It certainly gets easier to choose between the 1500 and 2500 if you have a good idea of how much you are going to be hauling or towing with your truck, though. The maximum you can tow with a 1500 is 10,640 pounds with the Regular Cab model with an 8-foot box, two-wheel drive and 5.7-liter V-8 with manual transmission. The same cab and box format with the 2500 lets you tow up to 17,790 pounds, but that's largely thanks to the power of the 6.7-liter Cummings diesel and six-speed automatic.
That same format of the 2500 is also the payload champion of the two lineups with a maximum rating of 3,990 pounds. The most you can haul with a 1500 is still impressive at 1,890 pounds, and that's for a two-wheel drive Quad Cab with a 6-foot 4-inch box and the Pentastar 3.6-liter V-6 and eight-speed automatic transmission.
Another reason you may favor one truck over the other could be your budget. It will hardly come as a surprise to find the 1500 range starts at a lower price point than the larger 2500, with the 2016 1500 having a starting MSRP of just $26,145 and the 2016 2500 costing from $31,780.
Once you decided between the 1500 and 2500 based on you basic requirements, you've then got the really fun part of choosing the way you want your new truck kitted out. As well as the incredible amount of choice you have with engines, cabs, bed lengths and drivetrains, both the 2016 1500 and 2500 also come in a wide range of trims and with an extensive list of available options.
Both ranges begin with entry level Tradesman models, which are exactly what the name suggests; great value, no-nonsense workhorses that still have all the essentials you'd expect from a modern truck. At the other end of the spectrum are the Limited models, which rival some prestige sedans when it comes to luxury and features. You can have just about any feature you can think of in your Ram truck these days, from heated and ventilated leather seating and climate control to remote start, Uconnect infotainment systems, Rear Park Assist and Trailer Brake Control.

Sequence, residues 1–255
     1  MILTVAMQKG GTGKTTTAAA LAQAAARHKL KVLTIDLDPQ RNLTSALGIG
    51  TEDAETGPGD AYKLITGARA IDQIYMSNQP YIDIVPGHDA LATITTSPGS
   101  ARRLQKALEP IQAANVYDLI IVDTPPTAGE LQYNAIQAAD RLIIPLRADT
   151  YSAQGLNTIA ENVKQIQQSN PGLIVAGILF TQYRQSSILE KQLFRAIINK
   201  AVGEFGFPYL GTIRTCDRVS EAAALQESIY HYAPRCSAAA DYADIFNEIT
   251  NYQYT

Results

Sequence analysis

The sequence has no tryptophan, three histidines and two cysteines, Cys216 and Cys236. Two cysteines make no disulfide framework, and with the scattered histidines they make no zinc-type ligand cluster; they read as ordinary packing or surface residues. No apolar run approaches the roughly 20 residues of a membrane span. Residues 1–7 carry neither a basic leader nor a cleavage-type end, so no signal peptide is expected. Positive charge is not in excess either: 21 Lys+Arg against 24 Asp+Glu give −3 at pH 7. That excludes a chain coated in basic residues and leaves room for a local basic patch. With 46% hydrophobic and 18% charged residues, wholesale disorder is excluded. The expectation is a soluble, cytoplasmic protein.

Although the 1500 is an incredibly capable truck in all its forms, when you start to look more closely at the details of the 2500 you will find it does has more in its armory to cope with the bigger jobs than just size and power. For example, heavy-duty engine cooling and a next-generation engine controller are now standard on all 2500 model trims, along with the class-exclusive five-link coil spring rear suspension that's revolutionary in the heavy-duty pickup segment.
The bottom line is that the 2016 Ram 1500 and 2500 are fantastic trucks that have all the bases covered when it comes to getting the job done. It's down to you to decide which one is the right one for your particular demands and needs, because you know there's a Ram 1500 or 2500 that's going to meet your requirements exactly.